My brother-in-law, Fred, is so good at this. He’s a profoundly conservative Christian guy, but he is also genuinely curious and respectful. We’ll be talking about… anything… health care… economics… free trade. It doesn’t really matter. Chances are we’re going to be on opposite sides of the issue. But he will always seek out my opinion, listen really, really carefully, make sure he has understood what I said, and then say, “That is really interesting.” And he’ll affirm what our common goals are, and what we have in common. And maybe he will think about how he needs to change his opinion, considering what I have just said. And then he says, “Have you considered…” And I get to listen to him.
I always learn so much from Fred! And I always feel bigger, wholer when I finish discussing things with him. I feel good when we finish, even if we end up in the same place we started. In a very real way, Fred feeds the hand that wants to bite him! He offers a safe space, and a willing heart. And he takes the time to be with me. That’s huge. When was the last time we took the time to actually sit down with someone who disagreed with us? Is this part of what Jesus meant when He said, “Love your enemy”?
I like what how Eugene Petersen interpreted Jesus’ words in today’s scripture. Will you say it with me?
“You’ve heard people say the old adage, ‘Love your friends and hate your enemies.’ I’m challenging that. I’m telling you to love your enemies. Let them bring out the best in you, not the worst. When someone gives you a hard time, respond with the energies of prayer, for then you are working out of your true, God-created self. This is what God does: God gives the sun to warm and rain to nourish to everyone, regardless if they’re good or bad, nasty or nice. If all you do is love the lovable, do you expect a bonus? Anybody can do that. If you simply say hello to the people who greet you, do you expect a medal? Any run-of-the-mill sinner does that. In a word, what I’m saying is, GROW UP! You’re citizens of God’s kingdom, so act like it. Live out the identity that God gave you. Live graciously and generously toward others, the way God lives toward you.” (Matthew 5:43-48, The Message, by Eugene Petersen.)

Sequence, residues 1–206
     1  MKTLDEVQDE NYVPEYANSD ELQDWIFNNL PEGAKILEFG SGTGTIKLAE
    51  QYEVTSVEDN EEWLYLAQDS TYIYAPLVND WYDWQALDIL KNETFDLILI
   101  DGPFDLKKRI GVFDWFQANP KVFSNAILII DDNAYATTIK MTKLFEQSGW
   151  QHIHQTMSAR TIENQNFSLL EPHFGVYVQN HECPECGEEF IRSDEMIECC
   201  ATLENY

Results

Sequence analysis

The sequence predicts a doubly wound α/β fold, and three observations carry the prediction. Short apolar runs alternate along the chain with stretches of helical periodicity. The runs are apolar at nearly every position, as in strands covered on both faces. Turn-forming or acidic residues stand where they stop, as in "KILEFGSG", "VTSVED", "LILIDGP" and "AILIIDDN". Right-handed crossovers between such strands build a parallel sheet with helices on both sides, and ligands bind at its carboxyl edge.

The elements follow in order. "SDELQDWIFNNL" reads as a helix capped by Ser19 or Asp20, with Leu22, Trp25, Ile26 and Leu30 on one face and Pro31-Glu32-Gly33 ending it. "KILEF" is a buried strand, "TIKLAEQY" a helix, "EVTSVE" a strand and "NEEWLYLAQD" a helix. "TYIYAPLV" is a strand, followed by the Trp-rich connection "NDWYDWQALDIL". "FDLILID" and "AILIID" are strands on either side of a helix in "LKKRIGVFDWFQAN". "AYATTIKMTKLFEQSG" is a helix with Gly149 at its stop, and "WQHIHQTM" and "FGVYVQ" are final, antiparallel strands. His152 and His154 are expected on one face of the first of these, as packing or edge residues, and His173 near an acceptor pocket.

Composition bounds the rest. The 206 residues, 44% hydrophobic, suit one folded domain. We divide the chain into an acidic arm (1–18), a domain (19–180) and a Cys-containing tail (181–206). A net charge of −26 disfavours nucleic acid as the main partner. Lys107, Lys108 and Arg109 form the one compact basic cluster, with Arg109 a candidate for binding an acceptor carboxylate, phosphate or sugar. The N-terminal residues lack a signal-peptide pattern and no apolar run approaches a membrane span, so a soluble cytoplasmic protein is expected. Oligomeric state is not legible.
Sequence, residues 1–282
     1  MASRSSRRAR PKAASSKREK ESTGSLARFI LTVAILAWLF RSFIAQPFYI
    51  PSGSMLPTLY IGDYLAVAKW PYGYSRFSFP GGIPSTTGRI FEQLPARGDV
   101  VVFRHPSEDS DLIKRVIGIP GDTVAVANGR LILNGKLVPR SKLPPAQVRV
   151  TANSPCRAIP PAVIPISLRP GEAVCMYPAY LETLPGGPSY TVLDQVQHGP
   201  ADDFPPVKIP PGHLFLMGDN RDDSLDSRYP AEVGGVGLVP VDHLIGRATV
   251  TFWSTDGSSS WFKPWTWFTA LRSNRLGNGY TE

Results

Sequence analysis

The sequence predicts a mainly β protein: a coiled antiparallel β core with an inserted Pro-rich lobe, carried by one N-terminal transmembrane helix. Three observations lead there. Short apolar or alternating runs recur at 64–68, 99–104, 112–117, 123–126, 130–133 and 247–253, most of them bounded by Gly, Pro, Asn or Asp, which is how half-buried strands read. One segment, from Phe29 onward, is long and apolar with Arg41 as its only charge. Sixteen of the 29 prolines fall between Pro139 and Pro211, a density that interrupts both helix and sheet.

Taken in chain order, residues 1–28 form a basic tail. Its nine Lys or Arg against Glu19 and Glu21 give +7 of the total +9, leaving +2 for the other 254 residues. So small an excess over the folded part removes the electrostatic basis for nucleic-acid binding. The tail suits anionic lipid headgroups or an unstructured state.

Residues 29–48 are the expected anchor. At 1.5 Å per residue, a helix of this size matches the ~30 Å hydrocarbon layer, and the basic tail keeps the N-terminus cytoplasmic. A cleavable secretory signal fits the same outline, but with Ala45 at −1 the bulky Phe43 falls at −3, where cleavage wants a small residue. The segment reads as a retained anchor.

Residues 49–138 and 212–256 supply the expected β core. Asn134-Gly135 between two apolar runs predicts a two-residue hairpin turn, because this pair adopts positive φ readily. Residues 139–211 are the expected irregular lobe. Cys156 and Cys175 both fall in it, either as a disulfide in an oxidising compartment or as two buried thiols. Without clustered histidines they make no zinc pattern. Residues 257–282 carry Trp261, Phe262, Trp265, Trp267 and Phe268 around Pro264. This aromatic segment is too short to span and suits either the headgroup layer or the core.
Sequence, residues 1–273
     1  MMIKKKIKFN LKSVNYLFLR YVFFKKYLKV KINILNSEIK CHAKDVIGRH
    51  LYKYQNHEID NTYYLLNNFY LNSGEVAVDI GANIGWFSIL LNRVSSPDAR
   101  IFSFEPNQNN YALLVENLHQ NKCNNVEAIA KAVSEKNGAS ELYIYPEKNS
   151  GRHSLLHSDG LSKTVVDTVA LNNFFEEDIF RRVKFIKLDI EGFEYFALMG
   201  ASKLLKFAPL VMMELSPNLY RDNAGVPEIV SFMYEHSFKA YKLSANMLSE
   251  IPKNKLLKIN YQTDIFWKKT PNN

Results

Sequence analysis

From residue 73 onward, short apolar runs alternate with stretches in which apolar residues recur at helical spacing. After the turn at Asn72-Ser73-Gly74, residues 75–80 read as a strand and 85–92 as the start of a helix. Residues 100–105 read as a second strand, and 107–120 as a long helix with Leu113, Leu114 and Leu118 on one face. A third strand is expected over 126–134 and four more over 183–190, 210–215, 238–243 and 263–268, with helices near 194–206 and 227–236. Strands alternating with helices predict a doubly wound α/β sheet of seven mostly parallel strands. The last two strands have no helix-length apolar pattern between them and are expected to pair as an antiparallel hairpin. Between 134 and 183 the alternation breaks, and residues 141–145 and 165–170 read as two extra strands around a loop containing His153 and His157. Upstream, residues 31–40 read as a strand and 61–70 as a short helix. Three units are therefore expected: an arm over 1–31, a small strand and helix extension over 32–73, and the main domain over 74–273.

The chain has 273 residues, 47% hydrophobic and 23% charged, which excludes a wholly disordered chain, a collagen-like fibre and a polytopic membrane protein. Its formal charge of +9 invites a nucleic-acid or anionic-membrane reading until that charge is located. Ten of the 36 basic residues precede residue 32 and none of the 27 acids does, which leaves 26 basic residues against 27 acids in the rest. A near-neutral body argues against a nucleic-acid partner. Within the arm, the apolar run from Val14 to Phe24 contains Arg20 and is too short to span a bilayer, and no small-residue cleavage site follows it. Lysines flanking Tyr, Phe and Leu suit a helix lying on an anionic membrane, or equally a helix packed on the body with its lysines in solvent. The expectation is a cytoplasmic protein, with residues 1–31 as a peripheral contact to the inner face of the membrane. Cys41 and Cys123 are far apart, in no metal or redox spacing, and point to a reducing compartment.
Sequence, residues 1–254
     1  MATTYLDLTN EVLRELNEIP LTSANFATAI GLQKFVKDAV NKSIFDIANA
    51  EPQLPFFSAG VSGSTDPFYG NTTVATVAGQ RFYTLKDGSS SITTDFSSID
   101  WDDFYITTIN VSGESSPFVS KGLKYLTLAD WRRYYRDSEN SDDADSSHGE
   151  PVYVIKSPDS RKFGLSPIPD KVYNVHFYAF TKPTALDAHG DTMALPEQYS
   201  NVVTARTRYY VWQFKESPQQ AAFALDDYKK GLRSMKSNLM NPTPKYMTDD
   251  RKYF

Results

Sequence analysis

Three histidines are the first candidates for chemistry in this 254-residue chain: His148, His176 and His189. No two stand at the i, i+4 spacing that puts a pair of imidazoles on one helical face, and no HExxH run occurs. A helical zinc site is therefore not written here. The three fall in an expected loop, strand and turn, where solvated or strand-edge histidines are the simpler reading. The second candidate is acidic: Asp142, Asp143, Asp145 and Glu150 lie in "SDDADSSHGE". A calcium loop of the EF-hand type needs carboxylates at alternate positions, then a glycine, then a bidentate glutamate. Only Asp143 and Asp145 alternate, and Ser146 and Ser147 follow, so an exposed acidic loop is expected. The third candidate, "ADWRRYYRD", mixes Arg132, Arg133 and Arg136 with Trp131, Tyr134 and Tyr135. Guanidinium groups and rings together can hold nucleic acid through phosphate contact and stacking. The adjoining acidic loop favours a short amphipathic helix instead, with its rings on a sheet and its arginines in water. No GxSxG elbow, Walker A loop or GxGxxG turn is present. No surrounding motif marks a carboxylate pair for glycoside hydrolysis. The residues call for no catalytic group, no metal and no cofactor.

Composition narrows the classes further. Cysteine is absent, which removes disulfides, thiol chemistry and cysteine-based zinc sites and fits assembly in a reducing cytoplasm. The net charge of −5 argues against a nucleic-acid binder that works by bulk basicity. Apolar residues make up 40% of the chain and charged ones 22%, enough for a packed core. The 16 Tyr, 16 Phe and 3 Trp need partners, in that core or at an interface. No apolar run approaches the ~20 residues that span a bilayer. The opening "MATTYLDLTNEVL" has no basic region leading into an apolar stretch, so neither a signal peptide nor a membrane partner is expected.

You know, I can’t improve on Scripture: Let those who oppose you bring out the best in you, not the worst… If all we do is love the lovable, how is that Christian?… If all we do is greet those who reach out to us first, how is that Christian?… It’s time for us to grow up, and act like the citizens of God’s Realm that we are, living graciously and generously towards others, the same way God lives towards us.
Nope. I can’t improve on Jesus. Because the way of Jesus is going to be the salvation of the world. In the Name of the One who loves us and will never let us go, even Jesus the Christ. Amen.
Scripture for Feb. 5, 2016: MATTHEW 5:43-48
In the 5th chapter of his gospel, Matthew compiles all of Jesus’ major teachings into one place, called “The Sermon On The Mount.” This is one thing that Jesus taught there:
“You’ve heard people say the old adage, ‘Love your friends and hate your enemies.’ I’m challenging that. I’m telling you to love your enemies. Let them bring out the best in you, not the worst. When someone gives you a hard time, respond with the energies of prayer, for then you are working out of your true, God-created self. This is what God does. God gives the sun to warm and rain to nourish to everyone, regardless if they’re good or bad, nasty or nice. If all you do is love the lovable, do you expect a bonus? Anybody can do that. If you simply say hello to the people who greet you, do you expect a medal? Any run-of-the-mill sinner does that. In a word, what I’m saying is, GROW UP! You’re citizens of God’s kingdom, so act like it. Live out the identity that God gave you. Live graciously and generously toward others, the way God lives toward you.”
Friends, listen to what the Spirit would say to us today.